The final days of negotiations were tense, as hundreds of activists gathered at the conference center to express their frustration with the direction of the talks. Critics were angry that the delegates stripped language regarding human rights from the text of the “rulebook,” and did not incorporate the warnings from the recent IPCC report to keep emissions under 1.5 degrees.

Fifteen-year-old Swedish activist Greta Thunberg stole the spotlight when she bravely addressed the delegates in a plenary session, scolding them for not taking bolder action. “You say you love your children above all else, and yet you’re stealing their future in front of their very eyes,” Thunberg told them. “We have run out of excuses and we are running out of time.”

Conference president, Michal Kurtyka, appeared unfazed by Thunberg’s message, taking to Twitter a few days later with the message, “Our children will look back at our legacy and recognize that we took the right decisions at important junctures, like the one we face today.”

With a new roadmap in hand to report their progress, participating nations now have until 2020 to demonstrate that they have met their targets and to set new ones.

Also in the news:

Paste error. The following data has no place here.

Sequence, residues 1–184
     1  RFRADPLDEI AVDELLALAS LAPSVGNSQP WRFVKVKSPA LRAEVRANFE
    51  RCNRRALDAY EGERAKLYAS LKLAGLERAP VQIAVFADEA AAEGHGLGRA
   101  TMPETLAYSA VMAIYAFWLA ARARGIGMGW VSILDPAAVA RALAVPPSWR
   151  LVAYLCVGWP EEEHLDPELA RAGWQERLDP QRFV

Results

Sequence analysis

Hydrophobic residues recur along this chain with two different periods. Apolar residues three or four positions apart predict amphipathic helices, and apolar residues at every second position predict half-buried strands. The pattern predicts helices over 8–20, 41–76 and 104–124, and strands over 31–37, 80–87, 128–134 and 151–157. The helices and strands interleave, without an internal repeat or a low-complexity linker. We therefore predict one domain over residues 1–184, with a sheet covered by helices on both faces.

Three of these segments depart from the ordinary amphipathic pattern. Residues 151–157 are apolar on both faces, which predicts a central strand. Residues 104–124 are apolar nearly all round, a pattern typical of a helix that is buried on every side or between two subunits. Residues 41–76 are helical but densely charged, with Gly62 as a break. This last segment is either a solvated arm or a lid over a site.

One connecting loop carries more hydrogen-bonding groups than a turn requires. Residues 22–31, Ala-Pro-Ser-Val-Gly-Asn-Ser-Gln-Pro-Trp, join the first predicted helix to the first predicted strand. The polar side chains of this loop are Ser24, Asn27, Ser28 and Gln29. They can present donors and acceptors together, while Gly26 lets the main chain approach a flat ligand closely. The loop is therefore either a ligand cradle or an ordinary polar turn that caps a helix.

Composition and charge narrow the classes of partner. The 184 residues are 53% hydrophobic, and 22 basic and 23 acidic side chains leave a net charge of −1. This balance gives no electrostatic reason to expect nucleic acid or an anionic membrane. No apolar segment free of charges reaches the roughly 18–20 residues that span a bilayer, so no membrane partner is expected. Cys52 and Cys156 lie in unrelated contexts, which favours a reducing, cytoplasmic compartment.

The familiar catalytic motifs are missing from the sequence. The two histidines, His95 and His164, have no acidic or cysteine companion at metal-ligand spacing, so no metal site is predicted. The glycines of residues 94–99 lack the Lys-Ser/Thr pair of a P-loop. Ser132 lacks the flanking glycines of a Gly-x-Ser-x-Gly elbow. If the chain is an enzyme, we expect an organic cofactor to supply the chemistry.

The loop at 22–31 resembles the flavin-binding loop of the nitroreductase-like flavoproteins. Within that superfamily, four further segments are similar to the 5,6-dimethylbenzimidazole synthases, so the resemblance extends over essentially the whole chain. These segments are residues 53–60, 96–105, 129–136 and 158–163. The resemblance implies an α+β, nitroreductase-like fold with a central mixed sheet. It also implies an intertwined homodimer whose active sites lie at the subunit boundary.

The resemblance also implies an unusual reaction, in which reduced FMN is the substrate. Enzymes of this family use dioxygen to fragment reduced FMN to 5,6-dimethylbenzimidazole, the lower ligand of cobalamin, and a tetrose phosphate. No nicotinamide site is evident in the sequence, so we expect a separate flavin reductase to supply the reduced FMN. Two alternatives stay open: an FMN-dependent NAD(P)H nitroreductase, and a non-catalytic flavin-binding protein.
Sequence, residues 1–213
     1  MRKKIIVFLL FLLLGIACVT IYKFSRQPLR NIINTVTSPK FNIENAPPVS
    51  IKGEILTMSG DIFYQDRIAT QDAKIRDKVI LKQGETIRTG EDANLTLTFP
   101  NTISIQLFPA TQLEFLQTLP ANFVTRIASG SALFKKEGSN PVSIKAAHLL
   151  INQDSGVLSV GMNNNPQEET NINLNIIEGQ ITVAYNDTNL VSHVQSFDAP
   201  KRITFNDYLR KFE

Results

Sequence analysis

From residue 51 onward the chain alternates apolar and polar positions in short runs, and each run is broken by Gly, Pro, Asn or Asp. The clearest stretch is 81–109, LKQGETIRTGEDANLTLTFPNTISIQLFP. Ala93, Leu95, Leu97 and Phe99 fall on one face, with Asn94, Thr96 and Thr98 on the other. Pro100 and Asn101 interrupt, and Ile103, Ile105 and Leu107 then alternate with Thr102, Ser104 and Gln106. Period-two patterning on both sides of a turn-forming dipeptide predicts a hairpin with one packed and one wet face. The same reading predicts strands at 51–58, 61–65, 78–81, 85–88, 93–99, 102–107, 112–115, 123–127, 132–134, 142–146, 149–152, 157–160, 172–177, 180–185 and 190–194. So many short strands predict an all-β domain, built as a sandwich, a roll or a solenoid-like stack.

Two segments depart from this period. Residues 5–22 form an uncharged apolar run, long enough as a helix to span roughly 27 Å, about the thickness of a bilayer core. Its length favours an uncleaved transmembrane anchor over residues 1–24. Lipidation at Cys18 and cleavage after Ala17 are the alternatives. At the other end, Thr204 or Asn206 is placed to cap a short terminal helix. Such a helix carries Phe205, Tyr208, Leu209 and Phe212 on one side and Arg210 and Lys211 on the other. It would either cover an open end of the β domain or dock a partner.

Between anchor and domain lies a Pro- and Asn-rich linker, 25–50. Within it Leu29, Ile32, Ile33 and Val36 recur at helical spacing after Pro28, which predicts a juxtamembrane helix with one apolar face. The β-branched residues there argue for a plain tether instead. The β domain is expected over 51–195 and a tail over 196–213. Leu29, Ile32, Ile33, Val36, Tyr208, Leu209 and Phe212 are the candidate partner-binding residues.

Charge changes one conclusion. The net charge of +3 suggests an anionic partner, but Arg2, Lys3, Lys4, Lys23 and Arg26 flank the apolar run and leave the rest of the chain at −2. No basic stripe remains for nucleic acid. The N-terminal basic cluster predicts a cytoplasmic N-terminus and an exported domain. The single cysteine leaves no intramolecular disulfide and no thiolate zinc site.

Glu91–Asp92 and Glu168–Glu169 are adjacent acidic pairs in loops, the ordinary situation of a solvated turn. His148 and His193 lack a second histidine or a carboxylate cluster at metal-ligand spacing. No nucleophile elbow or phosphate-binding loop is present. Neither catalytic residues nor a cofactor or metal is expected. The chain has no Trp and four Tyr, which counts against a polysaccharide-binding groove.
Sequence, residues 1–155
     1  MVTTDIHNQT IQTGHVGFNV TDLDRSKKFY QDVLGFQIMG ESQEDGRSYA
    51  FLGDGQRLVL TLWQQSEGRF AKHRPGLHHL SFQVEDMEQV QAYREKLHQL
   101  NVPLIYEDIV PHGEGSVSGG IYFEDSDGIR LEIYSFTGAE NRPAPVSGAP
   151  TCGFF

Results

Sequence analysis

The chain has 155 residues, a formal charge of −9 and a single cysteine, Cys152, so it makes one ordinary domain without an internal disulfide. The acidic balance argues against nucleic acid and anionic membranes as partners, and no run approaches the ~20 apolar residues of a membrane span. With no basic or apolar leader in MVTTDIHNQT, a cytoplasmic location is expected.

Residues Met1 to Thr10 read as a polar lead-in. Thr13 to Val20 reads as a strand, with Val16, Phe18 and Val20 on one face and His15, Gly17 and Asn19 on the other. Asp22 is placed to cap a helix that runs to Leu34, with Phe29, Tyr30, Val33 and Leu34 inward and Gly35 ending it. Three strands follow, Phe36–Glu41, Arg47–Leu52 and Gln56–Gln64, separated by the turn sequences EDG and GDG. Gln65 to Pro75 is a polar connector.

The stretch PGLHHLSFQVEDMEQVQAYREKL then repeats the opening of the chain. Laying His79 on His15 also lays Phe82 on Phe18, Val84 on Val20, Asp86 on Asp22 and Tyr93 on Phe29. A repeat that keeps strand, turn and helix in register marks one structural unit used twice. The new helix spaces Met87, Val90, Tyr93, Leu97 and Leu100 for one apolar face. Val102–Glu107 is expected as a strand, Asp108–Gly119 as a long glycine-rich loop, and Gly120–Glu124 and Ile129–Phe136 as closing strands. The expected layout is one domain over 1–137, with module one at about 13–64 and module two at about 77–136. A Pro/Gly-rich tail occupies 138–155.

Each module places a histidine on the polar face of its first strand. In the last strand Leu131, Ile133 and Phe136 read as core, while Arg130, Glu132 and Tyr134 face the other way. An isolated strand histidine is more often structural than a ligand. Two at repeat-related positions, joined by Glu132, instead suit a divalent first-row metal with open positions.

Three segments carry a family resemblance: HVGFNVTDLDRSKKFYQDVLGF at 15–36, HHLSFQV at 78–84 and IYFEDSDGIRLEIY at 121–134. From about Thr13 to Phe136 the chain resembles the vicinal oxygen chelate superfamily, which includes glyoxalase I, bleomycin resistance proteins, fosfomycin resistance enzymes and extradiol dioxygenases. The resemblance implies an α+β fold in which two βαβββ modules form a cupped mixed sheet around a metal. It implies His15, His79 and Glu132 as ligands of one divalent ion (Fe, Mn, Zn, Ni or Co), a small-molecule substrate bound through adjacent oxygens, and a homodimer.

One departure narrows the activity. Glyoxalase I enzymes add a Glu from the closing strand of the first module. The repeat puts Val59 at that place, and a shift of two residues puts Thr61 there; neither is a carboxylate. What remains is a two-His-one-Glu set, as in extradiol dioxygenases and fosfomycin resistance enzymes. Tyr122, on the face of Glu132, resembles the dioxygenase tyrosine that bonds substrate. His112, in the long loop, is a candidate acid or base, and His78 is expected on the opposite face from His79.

• Guns kill more children in the U.S. than cancer, drownings, and respiratory illnesses combined, reports a University of Michigan study published this week in the New England Journal of Medicine. The researchers analyzed more than 20,000 pediatric deaths from 2016 — the latest year for which data was available — and found that nearly one in six deaths were attributable to firearm-related injuries. Of those, more than half were homicides, a third were suicides, and a slim fraction were unintentional. Only motor vehicle crashes, which killed more than 4,000 children in 2016, were deadlier. The bleak numbers continue a disheartening trend: Since 2013, the rate of gun-related pediatric deaths in the U.S. has climbed by 28 percent. The latest numbers are the highest in nearly two decades, and more than 36 times the rates of childhood gun deaths in 12 other high-income countries. “Children in America are dying or being killed at rates that are shameful,” wrote Edward W. Campion, executive editor of the NEJM, in an accompanying editorial. Guns exacted an especially heavy toll in African-American communities, where in 2016 firearms were the leading cause of childhood death. (Los Angeles Times)